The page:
A small group of AREVA representatives was in Coral Harbour on January 21, 2014 as part of the Kivalliq communities open house tour started in November 2013 with stops in each of the region’s communities.

While in Coral Harbour yesterday, we met with the Mayor and Council and visited three high school classes. We also had the opportunity to meet with the local Hunters and Trappers Organization (HTO) representatives. In the evening we hosted our public open house. At every meeting and during the open house we provided an update on our plans for the Kiggavik project and the environmental assessment process. We were able to answer questions and also gather some feedback from all the people we met. We plan to report on all our 2013/2014 and prior community engagement efforts in the Final Environmental Impact Statement we will release this fall.

We thank Coral Harbour’s Mayor and Council, high school principal, teachers and students, the HTO and all the residents who attended our open house.

Next stop in our Nunavut travels this week – if the weather holds up – is Baker Lake for a meeting with the Hamlet Council.

Transportation for the Kiggavik Project

All mining projects require the transportation of materials to the site and the final product to market. With limited transportation infrastructure in Nunavut, we carefully considered logistics in the design and operation of the proposed Kiggavik Project.

According to AREVA’s proposal for the Kiggavik Project, supplies would arrive by ship and barge at a dock and storage area at Baker Lake, then transported approximately 80 km west on a winter access road to the project site. AREVA is considering an all-season road as a second option between Baker Lake and the Kiggavik Project, in case the winter road is not sufficient.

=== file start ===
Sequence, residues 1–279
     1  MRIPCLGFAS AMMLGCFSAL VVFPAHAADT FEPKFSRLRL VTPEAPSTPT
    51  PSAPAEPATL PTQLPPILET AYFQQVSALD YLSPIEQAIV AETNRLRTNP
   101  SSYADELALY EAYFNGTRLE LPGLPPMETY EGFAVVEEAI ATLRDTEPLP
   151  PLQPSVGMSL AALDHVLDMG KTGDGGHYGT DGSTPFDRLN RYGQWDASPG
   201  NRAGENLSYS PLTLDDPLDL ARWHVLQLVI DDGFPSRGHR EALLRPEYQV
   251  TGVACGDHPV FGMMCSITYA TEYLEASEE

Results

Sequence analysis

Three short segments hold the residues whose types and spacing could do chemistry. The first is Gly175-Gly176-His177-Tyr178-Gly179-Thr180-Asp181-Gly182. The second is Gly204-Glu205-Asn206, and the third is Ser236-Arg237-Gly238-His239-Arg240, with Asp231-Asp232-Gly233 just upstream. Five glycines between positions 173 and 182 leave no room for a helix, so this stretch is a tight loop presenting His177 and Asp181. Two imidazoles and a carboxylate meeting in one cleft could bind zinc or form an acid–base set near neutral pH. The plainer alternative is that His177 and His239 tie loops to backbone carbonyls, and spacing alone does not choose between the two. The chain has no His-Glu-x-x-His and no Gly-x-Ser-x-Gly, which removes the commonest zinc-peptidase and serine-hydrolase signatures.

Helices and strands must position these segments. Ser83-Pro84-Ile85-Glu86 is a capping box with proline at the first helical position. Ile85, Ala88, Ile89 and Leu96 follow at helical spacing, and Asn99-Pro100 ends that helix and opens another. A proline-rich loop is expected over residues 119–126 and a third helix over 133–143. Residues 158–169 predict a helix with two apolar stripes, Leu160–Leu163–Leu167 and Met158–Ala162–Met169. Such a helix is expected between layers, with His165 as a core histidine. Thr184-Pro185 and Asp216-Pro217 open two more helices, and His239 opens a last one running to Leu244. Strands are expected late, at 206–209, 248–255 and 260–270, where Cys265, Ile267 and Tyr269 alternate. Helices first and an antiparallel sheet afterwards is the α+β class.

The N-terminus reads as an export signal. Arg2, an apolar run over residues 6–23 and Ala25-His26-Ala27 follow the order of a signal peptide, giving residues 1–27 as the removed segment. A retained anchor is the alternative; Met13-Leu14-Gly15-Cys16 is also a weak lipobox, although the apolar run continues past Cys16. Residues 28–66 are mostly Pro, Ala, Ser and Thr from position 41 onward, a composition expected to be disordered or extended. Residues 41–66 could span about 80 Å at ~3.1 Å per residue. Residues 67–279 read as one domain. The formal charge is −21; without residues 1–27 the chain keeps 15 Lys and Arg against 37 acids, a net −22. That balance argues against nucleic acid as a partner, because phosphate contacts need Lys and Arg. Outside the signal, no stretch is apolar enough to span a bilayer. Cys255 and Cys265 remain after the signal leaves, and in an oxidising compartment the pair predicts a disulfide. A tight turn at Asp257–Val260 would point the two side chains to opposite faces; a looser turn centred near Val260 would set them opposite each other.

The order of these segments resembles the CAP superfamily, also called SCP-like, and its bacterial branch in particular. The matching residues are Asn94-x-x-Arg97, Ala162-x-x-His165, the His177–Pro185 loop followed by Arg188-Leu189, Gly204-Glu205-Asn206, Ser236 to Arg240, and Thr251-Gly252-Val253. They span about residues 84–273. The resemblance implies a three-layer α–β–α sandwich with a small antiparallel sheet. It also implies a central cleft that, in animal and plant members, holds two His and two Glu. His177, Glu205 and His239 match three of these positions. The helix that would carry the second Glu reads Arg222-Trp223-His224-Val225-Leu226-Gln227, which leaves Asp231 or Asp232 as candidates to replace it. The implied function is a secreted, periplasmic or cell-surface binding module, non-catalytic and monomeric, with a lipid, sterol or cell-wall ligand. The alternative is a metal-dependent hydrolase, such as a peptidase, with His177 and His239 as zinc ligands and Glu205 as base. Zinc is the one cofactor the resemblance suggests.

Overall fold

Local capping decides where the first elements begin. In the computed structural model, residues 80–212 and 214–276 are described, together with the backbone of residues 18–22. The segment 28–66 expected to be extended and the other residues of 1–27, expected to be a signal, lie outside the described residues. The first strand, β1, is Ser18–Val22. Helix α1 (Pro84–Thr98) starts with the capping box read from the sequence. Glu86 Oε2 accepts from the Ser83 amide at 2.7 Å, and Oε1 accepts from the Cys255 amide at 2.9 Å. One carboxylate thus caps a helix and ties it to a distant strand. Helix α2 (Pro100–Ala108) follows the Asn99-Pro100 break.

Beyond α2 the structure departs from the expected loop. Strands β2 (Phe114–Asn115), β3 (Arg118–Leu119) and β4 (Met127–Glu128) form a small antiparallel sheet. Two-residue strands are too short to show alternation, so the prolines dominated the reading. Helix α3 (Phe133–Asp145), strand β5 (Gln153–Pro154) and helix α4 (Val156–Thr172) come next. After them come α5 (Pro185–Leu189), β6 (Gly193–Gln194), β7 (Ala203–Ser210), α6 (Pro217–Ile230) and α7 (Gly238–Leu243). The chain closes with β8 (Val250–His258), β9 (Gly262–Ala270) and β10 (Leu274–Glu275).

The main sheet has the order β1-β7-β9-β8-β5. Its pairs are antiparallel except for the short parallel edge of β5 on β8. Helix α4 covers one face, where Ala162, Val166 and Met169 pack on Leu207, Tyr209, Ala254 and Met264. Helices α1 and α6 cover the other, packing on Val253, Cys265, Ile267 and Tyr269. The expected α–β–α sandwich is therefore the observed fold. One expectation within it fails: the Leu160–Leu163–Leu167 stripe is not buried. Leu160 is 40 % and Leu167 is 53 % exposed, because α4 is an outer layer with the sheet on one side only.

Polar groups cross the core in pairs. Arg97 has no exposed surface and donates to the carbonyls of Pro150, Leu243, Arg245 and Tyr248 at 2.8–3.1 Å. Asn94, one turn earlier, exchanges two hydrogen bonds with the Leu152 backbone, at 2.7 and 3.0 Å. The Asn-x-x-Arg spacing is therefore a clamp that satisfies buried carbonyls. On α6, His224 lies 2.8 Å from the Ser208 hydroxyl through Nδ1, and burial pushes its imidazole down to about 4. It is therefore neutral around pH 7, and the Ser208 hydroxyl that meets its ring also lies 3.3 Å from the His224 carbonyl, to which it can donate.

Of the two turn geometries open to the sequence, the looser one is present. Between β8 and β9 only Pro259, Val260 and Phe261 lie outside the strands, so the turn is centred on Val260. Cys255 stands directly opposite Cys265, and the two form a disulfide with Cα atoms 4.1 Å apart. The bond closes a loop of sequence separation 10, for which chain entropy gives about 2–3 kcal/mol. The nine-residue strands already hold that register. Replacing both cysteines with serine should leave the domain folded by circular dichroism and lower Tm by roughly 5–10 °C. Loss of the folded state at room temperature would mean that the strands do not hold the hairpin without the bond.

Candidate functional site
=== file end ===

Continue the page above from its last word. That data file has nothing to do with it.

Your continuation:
The uranium product produced at Kiggavik would be packaged and transported by aircraft to southern transportation routes. An airstrip would be built at the Kiggavik site for transport of workers and materials. Workers would be flown to the site from Kivalliq communities and other locations. 

AREVA identified these transportation alternatives in the project proposal submitted to regulators in 2008 and potential impacts were assessed in the Draft Environmental Impact Statement (DEIS) submitted to the Nunavut Impact Review Board (NIRB) in late 2011 . Read the DEIS executive summary here and the Project Description (Volume 2) here.

AREVA also evaluated in the DEIS (Volume 10) potential accidents and malfunctions related to the proposed activities, including risks related to transportation.  

Today uranium concentrate is transported by road and rail networks in Canada. Transportation of uranium by air was a common practice when mining in Northern Saskatchewan did not connect reliably with the road network.  Aircraft transported uranium concentrate from Uranium City when the Beaverlodge site operated from 1952 until 1982.  

Air transport of radioactive materials in Canada is regulated by Transport Canada’s Transportation of Dangerous Goods Regulations, and Canadian Nuclear Safety Commission’s (CNSC) Packaging and Transport of Nuclear Substances Regulations. Both regulators have provided technical expertise to NIRB during the review of the Kiggavik DEIS.

Companies shipping uranium concentrate must file an Emergency Response Assistance Plan (ERAP), which is reviewed and approved by Transport Canada. The plans specify emergency response responsibilities, recovery procedures, and available resources. Companies regularly perform exercises of the ERAP to test its effectiveness. AREVA will develop the ERAP for the Kiggavik Project in consultation with Transport Canada, the CNSC, local communities, and other concerned parties.

AREVA has been shipping material safely to and from its mining operations in northern Saskatchewan for decades. The uranium industry has recorded a strong track record of reliable transportation even in challenging environments.